With that, [I hope to implement] some prevention mechanisms [like] bystander intervention … if I can build that training … [to shift] the culture to be a place where we take care of one another. And I think we do [that] in many ways, but to really give people the courage and empower them to actually stand up when they see that something doesn’t feel right.
What will having a dedicated, full-time Title IX Coordinator bring to Georgetown? Why is it important?
It’s hugely important. I think there are … many people doing really good work, but it’s often in addition to the other good work that they’re doing. [As a full-time person], I’ll have the time and the space to be able to really devote to what this role needs. And I think having a person that can see all the different themes that are emerging and see all the different needs, I can pull together and help manage that for the different folks that are involved and bring everybody together and make it a much clearer process for the students.
What do you see as the most important aspect of your role?
It would be hard to name one. I would say there would be two that would be equally important to me. One would be our response. I think [administration response] is hugely important for a student going through an assault, for the respondent also going through a claim, making sure that there’s a fair process in place.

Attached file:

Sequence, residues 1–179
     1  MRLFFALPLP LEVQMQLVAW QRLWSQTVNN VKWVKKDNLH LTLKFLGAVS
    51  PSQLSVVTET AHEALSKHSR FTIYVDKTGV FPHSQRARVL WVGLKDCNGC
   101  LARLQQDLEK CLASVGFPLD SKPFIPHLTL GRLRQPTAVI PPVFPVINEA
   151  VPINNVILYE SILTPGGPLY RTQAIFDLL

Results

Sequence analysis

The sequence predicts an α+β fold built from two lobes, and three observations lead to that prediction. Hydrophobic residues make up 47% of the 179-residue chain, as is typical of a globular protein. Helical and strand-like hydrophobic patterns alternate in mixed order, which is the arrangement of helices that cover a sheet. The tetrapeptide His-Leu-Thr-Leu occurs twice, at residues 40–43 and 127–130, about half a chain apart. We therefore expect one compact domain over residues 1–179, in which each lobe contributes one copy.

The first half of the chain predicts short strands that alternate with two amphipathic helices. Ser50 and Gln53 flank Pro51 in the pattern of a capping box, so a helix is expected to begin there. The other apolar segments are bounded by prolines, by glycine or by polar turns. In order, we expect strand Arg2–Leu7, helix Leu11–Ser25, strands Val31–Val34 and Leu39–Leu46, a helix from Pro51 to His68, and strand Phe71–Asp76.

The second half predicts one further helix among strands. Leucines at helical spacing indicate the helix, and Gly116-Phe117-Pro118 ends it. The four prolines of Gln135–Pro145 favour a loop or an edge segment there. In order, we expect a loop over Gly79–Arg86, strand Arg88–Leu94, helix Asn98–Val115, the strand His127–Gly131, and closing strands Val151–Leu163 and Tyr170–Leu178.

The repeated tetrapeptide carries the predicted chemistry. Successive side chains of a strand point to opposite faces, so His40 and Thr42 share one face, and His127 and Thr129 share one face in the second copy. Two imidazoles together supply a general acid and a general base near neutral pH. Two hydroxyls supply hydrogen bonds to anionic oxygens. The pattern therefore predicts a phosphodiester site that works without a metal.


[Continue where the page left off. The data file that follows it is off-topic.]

And then also the training and education would be the other piece that’s fundamental to my role. That’s how we create change and make a culture shift and make this into an environment where it’s safe and respectful of one another.
Georgetown University Student Association and the administration reached an agreement in September to improve the campus climate towards sexual misconduct. What will your role be in helping to implement the agreement? What do you plan to do?
I see GUSA as a huge partner; they know the climate right now and can educate me on where the needs are. I think I’m there to help navigate their concerns that they bring up.
The more consistent language we have out there about resources and confidential counselors and Title IX the better. But just making sure that it’s consistent, I think sometimes there can be a problem where many different people are trying to put information out there that’s great, but we want to make sure that it’s all consistent language and consistent messaging so that people are clear, and it doesn’t become a more confusing process.
Your career experience so far has revolved around social work including addressing sexual assault. Why is it important for you to work to address these issues? Why did you go into this field and why are you still in it?
I think the honest answer is it’s been the most rewarding work that I’ve done. Working with somebody that’s gone through a sexual assault, you can really reach them at a time in their life when many other supports in their life aren’t as helpful; it’s not as comfortable to talk to your parent or friends or ministry, and so this is a time when you can really make a difference with somebody and you can … your response to somebody when they’re going through a trauma like this, can really aid in how the healing process works for them. … I also see it as that we have a responsibility to all of our students and so making it a fair process for everybody going through it. I see myself as an advocate: I’m not an advocate anymore for just survivors; I’m an advocate for all students.